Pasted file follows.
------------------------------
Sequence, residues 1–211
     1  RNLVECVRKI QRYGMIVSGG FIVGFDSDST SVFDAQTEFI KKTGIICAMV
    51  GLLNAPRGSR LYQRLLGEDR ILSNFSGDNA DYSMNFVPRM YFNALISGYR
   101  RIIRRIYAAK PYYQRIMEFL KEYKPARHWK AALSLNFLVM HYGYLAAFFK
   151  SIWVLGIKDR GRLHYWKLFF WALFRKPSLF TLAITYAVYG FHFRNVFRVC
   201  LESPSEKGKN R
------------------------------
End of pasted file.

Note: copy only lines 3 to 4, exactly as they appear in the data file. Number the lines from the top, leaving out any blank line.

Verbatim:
    51  GLLNAPRGSR LYQRLLGEDR ILSNFSGDNA DYSMNFVPRM YFNALISGYR
   101  RIIRRIYAAK PYYQRIMEFL KEYKPARHWK AALSLNFLVM HYGYLAAFFK